“I enjoyed my time with Avenged Sevenfold, just because it was such a different world to what I’d been doing with Dream Theater. I don’t judge bands by how well or fast they play their instruments – I don’t care about that shit. I’m playing with Twisted Sister right now and they’re one of the best live bands in the world, but when you compare what I do with them to what I did with Dream Theater, it’s obviously worlds apart. I don’t judge bands on anything except whether or not they put a smile on my face, and I had fun playing with Avenged. It was a hard time because they’d lost The Rev [original drummer James Sullivan], so the emotions were still very fresh. Once again, it’s similar to what I’m dealing with now with Twisted Sister, who are going through the same thing after losing A.J. [Pero]. In that respect they were sad circumstances, but it was a lot of fun and they were living the big rock star lives, so I have fond memories of that time.”
“**For me, it’s all about being gracious. **I have so much gratitude that I get to do this for a living, and that I actually have fans who come to the shows and buy the records and support me online. To this day, it doesn’t matter how many drum awards I’ve won, I’m most grateful to my fan base. I know so many people that struggle and struggle and never get a break, so I never lose sight of that gratitude.”
“The best lesson I learned from another musician is something I observed from Lars Ulrich. Lars and I were doing an autograph session together for Tama Drums, as we both had signature snare drums coming out at the same time, and he’s in one of the biggest bands of all time, so I figured he’d be the type that wouldn’t even look up and push the line along as quickly as possible, but he was actually the total opposite. He was so completely gracious with each and every person, and he’d look every single one of them in the eye and spend a few minutes asking them questions. That was a tremendous lesson for me. I’ve done signings with guys that are in 1⁄100th of the band that Metallica is, and they’ve had attitudes and wouldn’t give fans the time of day. But watching one of the most famous drummers in the world have that kind of attitude, even after all these years, was really inspiring to me.”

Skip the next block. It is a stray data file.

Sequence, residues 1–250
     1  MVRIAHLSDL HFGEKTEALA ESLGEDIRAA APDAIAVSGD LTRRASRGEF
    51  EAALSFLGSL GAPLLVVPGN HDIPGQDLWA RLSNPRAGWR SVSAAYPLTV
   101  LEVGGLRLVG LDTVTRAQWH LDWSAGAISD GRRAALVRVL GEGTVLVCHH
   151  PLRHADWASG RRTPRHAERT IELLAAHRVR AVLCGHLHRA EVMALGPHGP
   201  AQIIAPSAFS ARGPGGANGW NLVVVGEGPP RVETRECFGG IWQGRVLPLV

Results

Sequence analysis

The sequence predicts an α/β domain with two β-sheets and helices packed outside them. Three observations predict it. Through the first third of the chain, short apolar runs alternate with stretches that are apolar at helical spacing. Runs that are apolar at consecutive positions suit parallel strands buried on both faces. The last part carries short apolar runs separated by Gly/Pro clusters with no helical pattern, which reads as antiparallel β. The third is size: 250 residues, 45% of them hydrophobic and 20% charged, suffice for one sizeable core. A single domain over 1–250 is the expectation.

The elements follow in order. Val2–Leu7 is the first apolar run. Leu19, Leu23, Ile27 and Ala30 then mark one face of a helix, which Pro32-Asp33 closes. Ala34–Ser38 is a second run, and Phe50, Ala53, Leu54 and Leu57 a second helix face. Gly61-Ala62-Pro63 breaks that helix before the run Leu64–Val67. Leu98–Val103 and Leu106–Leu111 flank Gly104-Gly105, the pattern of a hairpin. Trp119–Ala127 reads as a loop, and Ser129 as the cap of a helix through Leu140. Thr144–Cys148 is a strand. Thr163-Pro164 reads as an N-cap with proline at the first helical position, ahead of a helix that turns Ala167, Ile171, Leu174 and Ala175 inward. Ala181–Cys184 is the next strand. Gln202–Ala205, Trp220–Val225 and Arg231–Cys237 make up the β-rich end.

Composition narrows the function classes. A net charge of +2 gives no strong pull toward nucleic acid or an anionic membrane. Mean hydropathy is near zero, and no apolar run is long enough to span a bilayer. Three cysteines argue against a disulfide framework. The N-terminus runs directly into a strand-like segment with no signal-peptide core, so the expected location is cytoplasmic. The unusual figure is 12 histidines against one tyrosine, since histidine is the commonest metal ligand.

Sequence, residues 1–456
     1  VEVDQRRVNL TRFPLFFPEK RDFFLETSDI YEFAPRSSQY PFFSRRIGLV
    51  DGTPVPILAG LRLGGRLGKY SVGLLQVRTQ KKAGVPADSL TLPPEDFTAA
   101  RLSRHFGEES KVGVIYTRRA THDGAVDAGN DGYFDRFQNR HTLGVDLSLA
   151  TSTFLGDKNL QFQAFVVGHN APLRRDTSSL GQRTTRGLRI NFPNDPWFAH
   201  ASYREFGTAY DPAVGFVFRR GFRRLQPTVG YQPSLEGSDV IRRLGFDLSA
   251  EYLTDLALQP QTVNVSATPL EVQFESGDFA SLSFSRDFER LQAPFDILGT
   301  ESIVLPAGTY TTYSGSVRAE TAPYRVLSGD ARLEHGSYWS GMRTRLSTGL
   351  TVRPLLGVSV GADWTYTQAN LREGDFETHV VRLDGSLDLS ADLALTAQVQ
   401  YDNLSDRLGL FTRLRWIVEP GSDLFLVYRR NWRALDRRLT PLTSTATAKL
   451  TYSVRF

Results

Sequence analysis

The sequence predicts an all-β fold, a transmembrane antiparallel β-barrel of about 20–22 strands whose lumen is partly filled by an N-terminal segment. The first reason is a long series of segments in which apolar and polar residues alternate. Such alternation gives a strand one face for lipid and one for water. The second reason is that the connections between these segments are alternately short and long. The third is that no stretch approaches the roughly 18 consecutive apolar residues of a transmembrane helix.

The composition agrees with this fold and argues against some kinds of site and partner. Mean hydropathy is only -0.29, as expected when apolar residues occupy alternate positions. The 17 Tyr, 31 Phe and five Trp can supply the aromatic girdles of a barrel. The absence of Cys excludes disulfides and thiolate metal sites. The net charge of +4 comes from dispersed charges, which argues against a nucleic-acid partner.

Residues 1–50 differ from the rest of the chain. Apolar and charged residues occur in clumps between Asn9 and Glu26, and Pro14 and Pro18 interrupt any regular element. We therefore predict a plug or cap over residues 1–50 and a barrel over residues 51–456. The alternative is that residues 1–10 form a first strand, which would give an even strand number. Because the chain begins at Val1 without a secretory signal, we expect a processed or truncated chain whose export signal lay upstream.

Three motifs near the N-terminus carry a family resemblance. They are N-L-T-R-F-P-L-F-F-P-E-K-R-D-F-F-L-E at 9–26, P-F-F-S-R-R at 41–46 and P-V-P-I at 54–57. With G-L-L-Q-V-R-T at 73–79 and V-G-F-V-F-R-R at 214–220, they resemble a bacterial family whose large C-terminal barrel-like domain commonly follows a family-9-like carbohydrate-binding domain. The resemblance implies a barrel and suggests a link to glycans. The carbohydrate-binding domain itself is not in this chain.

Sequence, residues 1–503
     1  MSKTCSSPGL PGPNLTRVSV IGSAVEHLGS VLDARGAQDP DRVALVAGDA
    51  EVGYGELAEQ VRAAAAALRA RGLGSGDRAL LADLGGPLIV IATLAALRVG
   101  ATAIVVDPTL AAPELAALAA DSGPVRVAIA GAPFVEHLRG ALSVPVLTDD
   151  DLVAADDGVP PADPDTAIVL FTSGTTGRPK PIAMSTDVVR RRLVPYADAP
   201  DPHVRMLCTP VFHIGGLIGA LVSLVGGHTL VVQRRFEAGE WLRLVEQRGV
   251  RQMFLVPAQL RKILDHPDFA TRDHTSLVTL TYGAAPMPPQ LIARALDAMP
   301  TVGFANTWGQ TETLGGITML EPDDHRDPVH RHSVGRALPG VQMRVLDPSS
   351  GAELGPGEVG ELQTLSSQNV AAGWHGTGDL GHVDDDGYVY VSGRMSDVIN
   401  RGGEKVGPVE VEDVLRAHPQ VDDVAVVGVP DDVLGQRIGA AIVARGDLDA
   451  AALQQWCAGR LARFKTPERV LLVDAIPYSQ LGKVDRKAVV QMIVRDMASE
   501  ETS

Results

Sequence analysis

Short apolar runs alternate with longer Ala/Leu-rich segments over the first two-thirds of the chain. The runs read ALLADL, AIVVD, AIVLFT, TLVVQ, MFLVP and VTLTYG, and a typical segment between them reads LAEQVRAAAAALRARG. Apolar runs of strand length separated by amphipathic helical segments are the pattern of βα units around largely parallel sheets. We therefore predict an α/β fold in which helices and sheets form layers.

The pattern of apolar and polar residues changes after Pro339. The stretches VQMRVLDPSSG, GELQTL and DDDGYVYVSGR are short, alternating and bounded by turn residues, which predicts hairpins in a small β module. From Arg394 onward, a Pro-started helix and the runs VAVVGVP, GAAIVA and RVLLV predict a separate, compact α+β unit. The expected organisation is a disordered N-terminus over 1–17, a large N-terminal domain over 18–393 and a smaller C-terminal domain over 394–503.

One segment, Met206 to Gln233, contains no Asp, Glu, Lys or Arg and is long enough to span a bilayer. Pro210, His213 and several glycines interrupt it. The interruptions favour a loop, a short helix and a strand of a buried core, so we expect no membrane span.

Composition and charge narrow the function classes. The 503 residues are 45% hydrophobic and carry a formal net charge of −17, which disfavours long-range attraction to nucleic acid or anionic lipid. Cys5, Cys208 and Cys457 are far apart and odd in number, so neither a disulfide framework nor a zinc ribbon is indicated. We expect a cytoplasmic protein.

“**Nowadays, with the internet and social media, it’s a whole different world. **Back in the ‘70s there was always this air of mystery and all those rock stars were untouchable. Now for a nominal fee you can meet any band in the world, with all these VIP meet and greets that bands do, but when I was a kid I would’ve never had the opportunity to meet Kiss. So it’s a very different world, and some aspects are better and some are worse. I like the fact that news travels so quickly. Like, when Keith Moon and John Bonham died you had to wait a month for the magazine to come out so you could read about what the hell happened. But there was something kind of fun about that, too. And a lot of people are against downloads and things like that, and I do miss being able to go into record stores and browse, but there is something to be said for the convenience of being in a hotel room at three o’clock in the morning in Budapest, and being able to grab any old album that you want from iTunes immediately. So like anything else, there’s good and bad sides to it.”